So excited for Dempsey Bob, master Tahltan-Tlingit carver and all-around amazing guy, on winning a 2021 Governor General’s Awards in Visual and Media Arts Artistic Achievement Award. Congrats, Mr. Bob! For the first time, a Native American may oversee U.S. policies on tribal nations. Rep. Deb Haaland’s nomination sends a strong message that the incoming administration believes Native people deserve a seat at the table when many of the most important discussions take place at the highest levels of the U.S. government. We are moving in the right direction, we’ve just got to pick up the pace.
I’ve got my new schedule, and the school’s got a new German and English foreign teacher. We’re all getting together for dinner on Wednesday at Pizza House, run by Tom with the good hair. I’m excited to be down to 19 classes, max four a day (from up to 7 last term), and I have ample time to hit the gym every day after lunch now. It feels great to sweat and burns and moves, my titanium hip plates grumble less when I move, and listening to daft punk’s alive makes me smile, like the crowd going wild when each new anthem is woven into the fabric, I remember dancefloors of my youth and basically levitating when their new songs dropped for the first time, the energy was magic — palpably cosmic, capable of sending us to the ceiling and beyond.
I felt a pinprick of separate consciousness self consciously at that realization and desire separateness from the overwhelming emptiness and became a man again; a spaceman, floating around a large ocean planet in a tiny silver tin suit, staring at my hands in wonder, in abject horror, at the ludicrousity of my existence and the audacity of the Universe to birth something so ignorantly fumbling and so existentially terrified of myself and my purpose. I floated there for a long time, just shallow breath and slowly pumping blood and no desire to be anything other than the ludicrous and insignificant little creature that I was. Thus, I was.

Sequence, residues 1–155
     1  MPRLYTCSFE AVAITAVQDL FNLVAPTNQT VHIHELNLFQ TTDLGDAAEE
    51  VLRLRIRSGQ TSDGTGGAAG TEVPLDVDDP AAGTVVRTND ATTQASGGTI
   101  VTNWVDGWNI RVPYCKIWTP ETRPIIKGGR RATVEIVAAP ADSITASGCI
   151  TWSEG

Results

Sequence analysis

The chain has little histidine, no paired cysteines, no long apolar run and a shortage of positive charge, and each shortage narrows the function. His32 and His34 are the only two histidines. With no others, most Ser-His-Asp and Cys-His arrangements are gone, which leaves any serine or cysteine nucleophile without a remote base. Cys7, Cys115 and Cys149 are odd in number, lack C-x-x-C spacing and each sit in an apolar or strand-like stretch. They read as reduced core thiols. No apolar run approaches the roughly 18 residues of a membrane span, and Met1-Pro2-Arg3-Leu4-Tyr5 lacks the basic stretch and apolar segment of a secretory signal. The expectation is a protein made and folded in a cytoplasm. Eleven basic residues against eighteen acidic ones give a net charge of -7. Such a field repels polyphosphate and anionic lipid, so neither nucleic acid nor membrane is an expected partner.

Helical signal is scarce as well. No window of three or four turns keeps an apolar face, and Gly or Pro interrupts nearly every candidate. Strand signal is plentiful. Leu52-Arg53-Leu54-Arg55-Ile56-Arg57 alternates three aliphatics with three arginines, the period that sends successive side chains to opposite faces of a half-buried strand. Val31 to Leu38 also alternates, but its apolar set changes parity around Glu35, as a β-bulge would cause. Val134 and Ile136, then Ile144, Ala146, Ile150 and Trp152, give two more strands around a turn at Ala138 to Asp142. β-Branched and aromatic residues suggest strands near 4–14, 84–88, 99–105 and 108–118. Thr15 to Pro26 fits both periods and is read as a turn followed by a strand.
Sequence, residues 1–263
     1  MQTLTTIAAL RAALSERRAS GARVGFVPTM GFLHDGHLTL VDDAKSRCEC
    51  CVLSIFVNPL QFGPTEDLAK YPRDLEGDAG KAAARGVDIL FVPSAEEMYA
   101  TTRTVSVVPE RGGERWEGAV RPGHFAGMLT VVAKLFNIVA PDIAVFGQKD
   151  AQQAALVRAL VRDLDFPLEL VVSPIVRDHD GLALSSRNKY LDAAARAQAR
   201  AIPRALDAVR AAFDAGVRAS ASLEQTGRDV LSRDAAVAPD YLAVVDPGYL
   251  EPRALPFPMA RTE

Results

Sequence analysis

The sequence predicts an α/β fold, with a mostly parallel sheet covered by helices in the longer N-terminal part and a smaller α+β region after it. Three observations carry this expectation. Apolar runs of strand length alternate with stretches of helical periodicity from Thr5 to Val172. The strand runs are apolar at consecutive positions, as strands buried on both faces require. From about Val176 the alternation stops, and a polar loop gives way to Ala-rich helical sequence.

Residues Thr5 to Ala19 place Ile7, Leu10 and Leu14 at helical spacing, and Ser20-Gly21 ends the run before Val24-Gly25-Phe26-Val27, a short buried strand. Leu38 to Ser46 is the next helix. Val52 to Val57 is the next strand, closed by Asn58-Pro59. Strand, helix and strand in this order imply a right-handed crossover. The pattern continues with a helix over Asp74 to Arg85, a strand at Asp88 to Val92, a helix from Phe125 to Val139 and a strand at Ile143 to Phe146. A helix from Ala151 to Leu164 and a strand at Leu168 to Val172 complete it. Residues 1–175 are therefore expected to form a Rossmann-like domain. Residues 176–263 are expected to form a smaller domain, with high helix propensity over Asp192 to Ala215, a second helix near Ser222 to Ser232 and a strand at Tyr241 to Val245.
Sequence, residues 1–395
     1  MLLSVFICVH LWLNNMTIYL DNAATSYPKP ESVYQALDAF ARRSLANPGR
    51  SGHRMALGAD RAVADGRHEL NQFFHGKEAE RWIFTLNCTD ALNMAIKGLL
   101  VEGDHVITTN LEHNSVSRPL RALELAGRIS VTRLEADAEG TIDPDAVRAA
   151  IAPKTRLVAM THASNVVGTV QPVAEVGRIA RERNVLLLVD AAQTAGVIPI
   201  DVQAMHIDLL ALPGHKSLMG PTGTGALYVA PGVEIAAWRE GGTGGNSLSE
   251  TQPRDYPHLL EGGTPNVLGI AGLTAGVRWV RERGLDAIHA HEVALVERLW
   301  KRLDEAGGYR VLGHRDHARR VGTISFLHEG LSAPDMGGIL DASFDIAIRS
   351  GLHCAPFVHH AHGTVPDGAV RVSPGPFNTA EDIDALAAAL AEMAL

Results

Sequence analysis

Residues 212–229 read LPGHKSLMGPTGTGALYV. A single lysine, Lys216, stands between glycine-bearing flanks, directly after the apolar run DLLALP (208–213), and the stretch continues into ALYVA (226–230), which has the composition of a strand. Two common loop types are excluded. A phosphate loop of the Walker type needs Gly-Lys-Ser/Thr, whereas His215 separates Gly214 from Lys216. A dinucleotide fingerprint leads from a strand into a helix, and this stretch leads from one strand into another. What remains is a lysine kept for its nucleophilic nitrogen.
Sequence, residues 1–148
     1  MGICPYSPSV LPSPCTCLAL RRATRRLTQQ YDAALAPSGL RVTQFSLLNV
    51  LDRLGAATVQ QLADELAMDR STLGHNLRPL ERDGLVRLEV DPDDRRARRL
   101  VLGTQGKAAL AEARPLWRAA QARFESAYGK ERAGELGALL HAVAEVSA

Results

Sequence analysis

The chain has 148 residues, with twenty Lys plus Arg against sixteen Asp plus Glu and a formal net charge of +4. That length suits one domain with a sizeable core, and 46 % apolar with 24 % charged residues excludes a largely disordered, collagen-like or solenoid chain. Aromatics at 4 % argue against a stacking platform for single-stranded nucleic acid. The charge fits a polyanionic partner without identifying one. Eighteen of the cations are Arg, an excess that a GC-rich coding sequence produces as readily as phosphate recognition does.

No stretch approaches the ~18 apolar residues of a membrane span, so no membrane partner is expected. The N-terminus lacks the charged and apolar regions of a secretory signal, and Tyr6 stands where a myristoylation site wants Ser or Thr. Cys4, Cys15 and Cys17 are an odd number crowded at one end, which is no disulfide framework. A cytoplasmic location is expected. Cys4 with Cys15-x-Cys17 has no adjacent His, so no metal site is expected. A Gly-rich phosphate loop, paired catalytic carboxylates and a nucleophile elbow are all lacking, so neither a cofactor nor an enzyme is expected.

How will we save the planet and make room for a new benevolent godlike AI? Mostly by not reproducing. “Falling sperm counts ‘threaten human survival,’ expert warns. Epidemiologist Shanna Swan calls it a danger to our species; I call it a gift to the Earth. She warns it’s a threat comparable to the climate crisis; it might be the solution. Getting Earth’s pop either off-planet (Thanks to Jeff and Elon) or well back below 1 billion would be a much-needed respite and provide for a rewilding of nature, in time for humans and the other animals to enjoy a natural and peaceful life while the machines do the important work. Her studies show a 59% global birthrate plummet between 1973 and 2011, and current projections are set to reach zero in 2045. Causes seem to be: Lifestyle, chemical exposures, changing and threatening human sexual development and fertility.
A Paris-based architect named Vincent Callebaut’s twisting carbon sucking tower in Taipei is almost finished. It will carry 23,000 trees, absorbing up to 130 tonnes of carbon dioxide a year.
Jeff Bezos and Elon Musk, two technocrats with a combined bank account of about half a trillion dollars, want to save the planet and push us into space. They imagine we can work and mine the stars and asteroids for factories, returning Earth to a pristine natural park. It’s a wildly ambitious, near-insane plan, but it will probably happen in my lifetime, and I welcome it.
I’ve also seen leaders falter in the face of the responsibility to build a science-based consensus, but as we race for AI domination at breakneck speed, I believe the way we teach AI ethics for self-driving cars, we could teach it how we want to be governed, and accept that it will make the hard choices we can’t. So I write my story for you, Roy so that you will temper your reason with empathy and courage, inspiration and creativity, in light of all our faults but also, all our divine moments of brilliance.
I once took the cheap chemical route to mindlessness and bliss, but my theory seemed to be about right; after a decade of mostly being alone in my thoughts to find peace and disarm anxiety and fear, I have great gaps of mindlessness, where I exist without the weight of this meat car’s encumbrances, and I feel the light of divine consciousness kiss and tickle my divine self.
Jesus didn’t say he was the son of God, I believe his message was painfully lost in translation. He said we all are sun-kissed star children, noble because we are made of stars, humble because we are made of Earth. Religion can bring purpose and community, but it can’t replace our individual enlightenment, what we gain from looking in, finding out who we really are, and why.
Kai has been writing about the pandemic since January 20, 2020 on CTV News and iChongqing and his first pandemic diary is available on Amazon. He’s currently writing another nonfiction book about the changing post-pandemic landscape, and it’s called Year of the Rat, and several fictional novels. You can read more about them here.